When Lexington's John Samson runs Sunday, he'll have plenty of reason to smile.
Samson, 45, will be running in the TCS NYC Marathon — aka the New York City Marathon — as a way to celebrate his comeback from stage IV colon cancer.
"I've been through a lot. I'm lucky to even be alive," Samson said. "The survival rate when you get to stage IV cancer of any kind isn't real good. So I'm lucky to be here."
In addition to running, the Eastern Kentucky University graduate likes to scuba dive and ski.
"Live like you're dying approach," he said.
Samson didn't start running until his late thirties, when he decided he needed to get active in his life.
He worked his way up from a 5K to The Bourbon Chase long-distance relay race.
Then, in March 2011, he was diagnosed with colon cancer.
He had been in training for a marathon in Washington, D.C., but had to withdraw. He needed immediate surgery and chemotherapy. Running became his means to a recovery.
He has since had surgery on his liver and abdomen. He says about 75 percent of his colon was removed, and about a third of his liver.
"After a couple of surgeries and chemo, I was in pretty bad shape after going through all that," he said. "So I started running. The first day I could stand, just to take a step or take a bounce. And it took me five months when I ran in the Marine Corps Marathon.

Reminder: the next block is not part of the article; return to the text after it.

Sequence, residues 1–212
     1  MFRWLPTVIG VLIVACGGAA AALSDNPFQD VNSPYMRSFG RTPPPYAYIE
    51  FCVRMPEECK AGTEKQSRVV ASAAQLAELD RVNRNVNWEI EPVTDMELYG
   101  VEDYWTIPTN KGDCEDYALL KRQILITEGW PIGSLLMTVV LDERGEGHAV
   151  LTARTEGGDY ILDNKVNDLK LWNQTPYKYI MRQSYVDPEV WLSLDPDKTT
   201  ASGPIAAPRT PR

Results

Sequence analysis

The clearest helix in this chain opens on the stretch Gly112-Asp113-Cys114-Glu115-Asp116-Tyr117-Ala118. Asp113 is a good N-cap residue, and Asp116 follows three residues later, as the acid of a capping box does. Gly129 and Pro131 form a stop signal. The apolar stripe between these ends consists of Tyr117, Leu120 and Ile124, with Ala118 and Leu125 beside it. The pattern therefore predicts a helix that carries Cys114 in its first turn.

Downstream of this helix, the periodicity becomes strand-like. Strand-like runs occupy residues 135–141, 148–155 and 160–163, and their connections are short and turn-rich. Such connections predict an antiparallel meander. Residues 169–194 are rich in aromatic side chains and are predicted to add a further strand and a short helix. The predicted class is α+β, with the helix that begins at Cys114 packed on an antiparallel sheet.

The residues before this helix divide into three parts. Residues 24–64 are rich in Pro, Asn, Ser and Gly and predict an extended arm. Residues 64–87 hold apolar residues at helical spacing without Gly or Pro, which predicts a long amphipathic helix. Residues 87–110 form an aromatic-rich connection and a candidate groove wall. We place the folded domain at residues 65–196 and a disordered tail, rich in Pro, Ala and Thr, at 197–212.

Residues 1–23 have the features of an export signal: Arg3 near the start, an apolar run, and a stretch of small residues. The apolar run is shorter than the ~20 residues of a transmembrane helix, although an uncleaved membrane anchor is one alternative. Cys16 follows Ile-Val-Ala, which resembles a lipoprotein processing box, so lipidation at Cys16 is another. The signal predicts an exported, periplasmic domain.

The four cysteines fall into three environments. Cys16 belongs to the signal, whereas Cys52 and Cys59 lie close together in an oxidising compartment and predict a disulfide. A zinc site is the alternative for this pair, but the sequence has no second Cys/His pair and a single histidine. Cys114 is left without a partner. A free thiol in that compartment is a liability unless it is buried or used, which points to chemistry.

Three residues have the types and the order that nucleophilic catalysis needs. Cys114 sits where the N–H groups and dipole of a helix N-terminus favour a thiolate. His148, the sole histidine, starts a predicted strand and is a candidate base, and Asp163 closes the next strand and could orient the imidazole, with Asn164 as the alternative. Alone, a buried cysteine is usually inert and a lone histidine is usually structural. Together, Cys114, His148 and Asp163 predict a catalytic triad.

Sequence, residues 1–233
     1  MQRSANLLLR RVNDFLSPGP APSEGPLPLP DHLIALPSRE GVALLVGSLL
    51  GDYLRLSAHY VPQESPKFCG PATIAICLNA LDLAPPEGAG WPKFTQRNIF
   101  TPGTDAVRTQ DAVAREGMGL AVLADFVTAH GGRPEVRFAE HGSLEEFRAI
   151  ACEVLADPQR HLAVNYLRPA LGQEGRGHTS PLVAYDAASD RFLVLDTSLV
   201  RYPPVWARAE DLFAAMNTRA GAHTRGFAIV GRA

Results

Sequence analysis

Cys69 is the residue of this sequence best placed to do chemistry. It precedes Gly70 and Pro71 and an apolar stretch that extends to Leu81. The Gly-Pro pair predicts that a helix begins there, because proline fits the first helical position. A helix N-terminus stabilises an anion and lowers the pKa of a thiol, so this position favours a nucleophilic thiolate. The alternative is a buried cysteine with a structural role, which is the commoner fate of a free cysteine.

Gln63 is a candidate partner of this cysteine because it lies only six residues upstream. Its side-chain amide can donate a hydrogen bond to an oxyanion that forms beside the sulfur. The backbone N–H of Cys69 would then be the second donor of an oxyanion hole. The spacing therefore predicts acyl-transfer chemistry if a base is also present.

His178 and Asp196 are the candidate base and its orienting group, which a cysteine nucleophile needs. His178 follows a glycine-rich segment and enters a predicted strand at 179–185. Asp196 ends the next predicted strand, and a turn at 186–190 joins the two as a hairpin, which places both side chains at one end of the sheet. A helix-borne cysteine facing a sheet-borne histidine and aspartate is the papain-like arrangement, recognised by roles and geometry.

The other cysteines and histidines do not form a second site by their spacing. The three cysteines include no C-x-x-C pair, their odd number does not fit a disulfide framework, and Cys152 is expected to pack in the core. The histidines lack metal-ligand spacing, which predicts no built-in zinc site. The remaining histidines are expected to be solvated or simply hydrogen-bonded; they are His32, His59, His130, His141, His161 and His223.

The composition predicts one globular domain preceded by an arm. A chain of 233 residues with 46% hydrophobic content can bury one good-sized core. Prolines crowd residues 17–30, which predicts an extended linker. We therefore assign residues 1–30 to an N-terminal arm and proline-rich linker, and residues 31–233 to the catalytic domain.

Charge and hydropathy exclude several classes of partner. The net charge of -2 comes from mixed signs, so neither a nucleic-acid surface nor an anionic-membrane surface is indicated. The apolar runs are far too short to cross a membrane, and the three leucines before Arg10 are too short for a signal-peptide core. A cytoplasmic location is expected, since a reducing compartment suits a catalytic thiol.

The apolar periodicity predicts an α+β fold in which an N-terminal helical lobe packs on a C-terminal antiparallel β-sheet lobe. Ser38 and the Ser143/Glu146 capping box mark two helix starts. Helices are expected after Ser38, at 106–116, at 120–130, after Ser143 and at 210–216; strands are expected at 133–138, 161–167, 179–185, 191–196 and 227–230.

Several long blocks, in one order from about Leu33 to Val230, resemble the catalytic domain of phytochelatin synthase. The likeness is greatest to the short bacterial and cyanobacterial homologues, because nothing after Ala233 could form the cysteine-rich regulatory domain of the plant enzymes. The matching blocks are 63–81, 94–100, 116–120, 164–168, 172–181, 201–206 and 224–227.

"I felt a big sense of accomplishment after all I'd been through, to get myself back to that level. And that was the first marathon I'd ever run. I'd done some running but had never run a marathon before. That would have been fall of 2012. And then last year I ran the Flying Pig Marathon in Cincinnati."
Coming up on three years cancer-free, Samson will use the TCS NYC Marathon as a way to celebrate his health. This will be his first marathon when he's not coming off a major surgery.
"I've been so blessed that, with a second chance here, I just want to do it to take care of myself," said Samson, who works as quality manager at Trane Co. "And I want to inspire other people that have strong adversity in their life. You can overcome it. You can go back and do stuff you've never done before."
While training for New York, Samson has done one long run — as many as 20 miles — a week, with shorter runs during the week.
He's fought through knee pain and shin splints, focused on New York.
He feels fortunate to be in the field. He's not fast enough to have qualified, so he had to gain entry through a lottery. He had just about given up hope on the lottery when the good news arrived.
"It was real late in the day. I didn't think I was going to get in," he said. "I said a quick little prayer and, about two minutes later, boom, I got an email that I was in the New York Marathon. So I was excited about the trip and excited about the race."
He'd like to finish the 26-mile-plus distance in 4½ hours, about 20 minutes faster than his personal best.
"Just finishing is the first goal," Samson said. "Then, just try to do better than you did the last time."